Improving the Outlook for Peritoneal Mesothelioma?
25 Apr 2017
It is estimated that up to 500 of the 2500 mesotheliomas that occur in the UK are peritoneal mesotheliomas.
Sadly this cancer has lagged behind most other cancers in terms of diagnosis, treatment and research.
What are some of the steps that need to be taken to help improve the situation?
1. The Setting Up of The Peritoneal Mesothelioma National Multi Disciplinary Team (NMDT)
The setting up of the NMDT was a critical step and ideally going forward all cases of peritoneal mesothelioma would have to be referred to the NMDT who will be able to make informed and expert treatment recommendations, and be able to collate the outcomes of treatment to assist in future assessment.
This will hopefully allow consistency in treatment and remove the variations in treatment across the country.
The treatment options for peritoneal mesothelioma are currently very limited. The main treatments considered currently are chemotherapy and surgery. The NMDT will have a very important role in matching patients to appropriate treatment.
The value of surgery for peritoneal mesothelioma is particularly controversial. There is innovative surgery known as a complete cytoreduction which involves the removal of the tumour by removing the lining of the abdomen and the affected organs and then washing the abdomen through with heated chemotherapy. Expert assessment is necessary before this surgery is contemplated. In particular it is necessary to determine that the mesothelioma has not spread beyond the abdomen. The NMDT will have a key role in making this assessment.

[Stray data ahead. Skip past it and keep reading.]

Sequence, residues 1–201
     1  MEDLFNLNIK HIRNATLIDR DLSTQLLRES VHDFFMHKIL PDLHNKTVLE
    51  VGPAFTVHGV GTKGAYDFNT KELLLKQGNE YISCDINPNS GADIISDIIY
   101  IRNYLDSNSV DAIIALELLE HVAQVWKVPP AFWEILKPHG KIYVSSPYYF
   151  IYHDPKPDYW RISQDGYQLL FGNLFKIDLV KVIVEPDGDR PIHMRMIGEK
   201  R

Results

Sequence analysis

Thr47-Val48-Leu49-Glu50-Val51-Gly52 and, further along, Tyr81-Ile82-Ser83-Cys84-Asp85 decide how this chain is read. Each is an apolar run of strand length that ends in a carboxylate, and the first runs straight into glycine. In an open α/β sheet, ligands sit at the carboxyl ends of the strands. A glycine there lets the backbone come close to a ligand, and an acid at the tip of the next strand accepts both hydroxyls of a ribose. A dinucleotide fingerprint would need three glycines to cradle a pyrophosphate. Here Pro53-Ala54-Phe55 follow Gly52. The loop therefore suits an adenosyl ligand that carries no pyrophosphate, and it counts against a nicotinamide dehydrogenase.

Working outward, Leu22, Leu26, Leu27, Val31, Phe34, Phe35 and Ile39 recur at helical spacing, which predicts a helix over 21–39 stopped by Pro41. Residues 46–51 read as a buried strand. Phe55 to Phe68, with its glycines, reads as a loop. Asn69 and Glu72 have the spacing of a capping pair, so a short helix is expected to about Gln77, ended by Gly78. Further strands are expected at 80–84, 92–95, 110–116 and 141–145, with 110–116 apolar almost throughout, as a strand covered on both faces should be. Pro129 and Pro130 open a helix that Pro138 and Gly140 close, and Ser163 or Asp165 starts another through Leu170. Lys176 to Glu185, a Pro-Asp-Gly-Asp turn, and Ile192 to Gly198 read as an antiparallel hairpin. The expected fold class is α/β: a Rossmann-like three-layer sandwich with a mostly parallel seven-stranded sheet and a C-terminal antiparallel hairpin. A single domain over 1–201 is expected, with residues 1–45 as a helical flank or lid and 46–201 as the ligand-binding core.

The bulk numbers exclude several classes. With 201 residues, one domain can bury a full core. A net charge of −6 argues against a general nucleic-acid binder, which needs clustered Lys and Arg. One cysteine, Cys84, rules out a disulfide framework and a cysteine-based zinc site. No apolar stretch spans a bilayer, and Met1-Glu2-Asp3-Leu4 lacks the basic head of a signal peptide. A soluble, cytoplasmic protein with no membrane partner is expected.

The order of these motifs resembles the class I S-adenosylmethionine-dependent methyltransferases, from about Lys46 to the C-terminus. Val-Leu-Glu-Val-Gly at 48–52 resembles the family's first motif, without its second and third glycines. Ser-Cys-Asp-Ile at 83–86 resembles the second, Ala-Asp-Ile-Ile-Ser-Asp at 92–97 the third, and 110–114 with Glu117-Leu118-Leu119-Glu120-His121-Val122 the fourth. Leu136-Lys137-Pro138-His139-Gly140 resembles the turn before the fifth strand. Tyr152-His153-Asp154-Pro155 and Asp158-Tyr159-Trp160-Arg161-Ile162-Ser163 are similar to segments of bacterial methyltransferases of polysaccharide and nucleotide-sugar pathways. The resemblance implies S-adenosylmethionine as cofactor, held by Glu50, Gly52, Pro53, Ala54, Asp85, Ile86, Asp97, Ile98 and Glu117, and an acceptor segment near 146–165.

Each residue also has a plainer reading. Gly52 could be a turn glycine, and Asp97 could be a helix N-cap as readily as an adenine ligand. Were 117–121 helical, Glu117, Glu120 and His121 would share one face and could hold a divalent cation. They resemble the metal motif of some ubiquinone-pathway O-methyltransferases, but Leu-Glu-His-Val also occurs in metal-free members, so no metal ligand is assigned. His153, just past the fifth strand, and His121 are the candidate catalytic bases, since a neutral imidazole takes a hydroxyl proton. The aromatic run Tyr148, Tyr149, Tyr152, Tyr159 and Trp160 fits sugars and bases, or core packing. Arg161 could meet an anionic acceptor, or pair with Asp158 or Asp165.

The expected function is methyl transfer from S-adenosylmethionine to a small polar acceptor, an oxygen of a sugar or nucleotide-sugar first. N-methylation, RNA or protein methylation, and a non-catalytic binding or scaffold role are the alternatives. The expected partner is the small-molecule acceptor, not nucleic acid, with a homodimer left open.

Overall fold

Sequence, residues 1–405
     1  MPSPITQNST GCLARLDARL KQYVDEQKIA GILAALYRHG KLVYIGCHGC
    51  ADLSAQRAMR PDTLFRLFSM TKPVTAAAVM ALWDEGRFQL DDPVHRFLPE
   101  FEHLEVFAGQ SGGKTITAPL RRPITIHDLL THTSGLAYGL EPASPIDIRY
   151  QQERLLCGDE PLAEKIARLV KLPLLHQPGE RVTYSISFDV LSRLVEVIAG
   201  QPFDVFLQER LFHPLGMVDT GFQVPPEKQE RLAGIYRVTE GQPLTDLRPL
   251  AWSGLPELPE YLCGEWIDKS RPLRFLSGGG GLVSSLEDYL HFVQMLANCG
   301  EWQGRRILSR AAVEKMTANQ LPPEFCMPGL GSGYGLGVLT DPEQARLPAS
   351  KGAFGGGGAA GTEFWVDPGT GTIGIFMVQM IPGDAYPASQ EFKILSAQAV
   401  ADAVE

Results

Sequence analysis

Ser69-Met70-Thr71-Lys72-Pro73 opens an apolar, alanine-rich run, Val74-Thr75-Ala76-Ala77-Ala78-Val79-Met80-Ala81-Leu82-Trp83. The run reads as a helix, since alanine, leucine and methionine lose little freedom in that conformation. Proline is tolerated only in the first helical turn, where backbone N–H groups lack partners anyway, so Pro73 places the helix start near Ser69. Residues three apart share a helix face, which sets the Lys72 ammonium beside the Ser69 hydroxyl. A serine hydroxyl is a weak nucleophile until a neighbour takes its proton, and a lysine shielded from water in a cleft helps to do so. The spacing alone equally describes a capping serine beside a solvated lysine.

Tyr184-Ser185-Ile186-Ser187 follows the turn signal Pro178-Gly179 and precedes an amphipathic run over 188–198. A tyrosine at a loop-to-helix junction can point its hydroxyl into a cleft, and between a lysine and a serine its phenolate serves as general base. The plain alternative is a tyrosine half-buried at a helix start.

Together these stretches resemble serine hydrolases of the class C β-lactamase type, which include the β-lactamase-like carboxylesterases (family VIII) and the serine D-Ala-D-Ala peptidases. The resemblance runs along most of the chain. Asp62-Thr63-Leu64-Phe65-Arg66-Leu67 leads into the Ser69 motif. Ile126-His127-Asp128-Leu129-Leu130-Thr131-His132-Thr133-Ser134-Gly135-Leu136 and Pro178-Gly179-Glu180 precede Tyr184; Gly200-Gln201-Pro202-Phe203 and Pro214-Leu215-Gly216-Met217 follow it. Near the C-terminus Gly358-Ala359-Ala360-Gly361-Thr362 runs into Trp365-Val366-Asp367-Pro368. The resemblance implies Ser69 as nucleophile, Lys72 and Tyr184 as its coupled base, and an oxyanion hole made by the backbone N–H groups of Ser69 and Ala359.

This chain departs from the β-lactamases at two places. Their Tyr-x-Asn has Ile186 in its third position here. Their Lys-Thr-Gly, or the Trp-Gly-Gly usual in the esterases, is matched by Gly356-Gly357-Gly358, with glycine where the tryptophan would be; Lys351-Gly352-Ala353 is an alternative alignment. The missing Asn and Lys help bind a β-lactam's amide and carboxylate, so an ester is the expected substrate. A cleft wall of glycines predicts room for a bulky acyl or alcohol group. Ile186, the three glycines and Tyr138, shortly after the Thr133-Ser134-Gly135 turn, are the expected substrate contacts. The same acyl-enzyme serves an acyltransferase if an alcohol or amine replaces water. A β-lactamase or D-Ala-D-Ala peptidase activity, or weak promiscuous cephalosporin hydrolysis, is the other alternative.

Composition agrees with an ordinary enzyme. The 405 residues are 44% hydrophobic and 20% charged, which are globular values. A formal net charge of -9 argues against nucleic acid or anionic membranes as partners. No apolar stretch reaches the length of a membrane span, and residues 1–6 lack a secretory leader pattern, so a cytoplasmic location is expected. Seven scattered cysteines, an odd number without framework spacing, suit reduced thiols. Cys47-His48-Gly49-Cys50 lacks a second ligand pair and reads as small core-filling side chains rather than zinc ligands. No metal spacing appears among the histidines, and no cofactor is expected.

2. Increase information available to GPs to allow early referral
Like other cancers early diagnosis for peritoneal mesothelioma is very important.
Unlike pleural mesothelioma there is no protocol for when the GP should refer the case onto a specialist.
The earlier the cancer is diagnosed, the less likely it is to have spread beyond the abdomen and the more likely that surgery will be of benefit.
Unfortunately peritoneal mesothelioma can be difficult to diagnose speedily with symptoms including abdominal pain and swelling, constipation and/or diarrhoea , tiredness, loss of appetite and weight loss not always being symptoms readily associated with an asbestos related condition.
With these symptoms the GP needs to be thinking about asbestos exposure and referring the patient on for assessment as early as possible.
3. Put Pressure on Drug Companies to conduct trials for peritoneal mesothelioma patients
The number of mesothelioma trials has increased considerably over the last few years. However, the majority of these have been limited to pleural mesothelioma given the greater numbers of potential patients and the drug companies requirements for 'clean' data ( all data for a specific type of mesothelioma). It is important that either specific trials for peritoneal mesothelioma are set up, or at least patients with peritoneal mesothelioma are not excluded from current and forthcoming mesothelioma trials.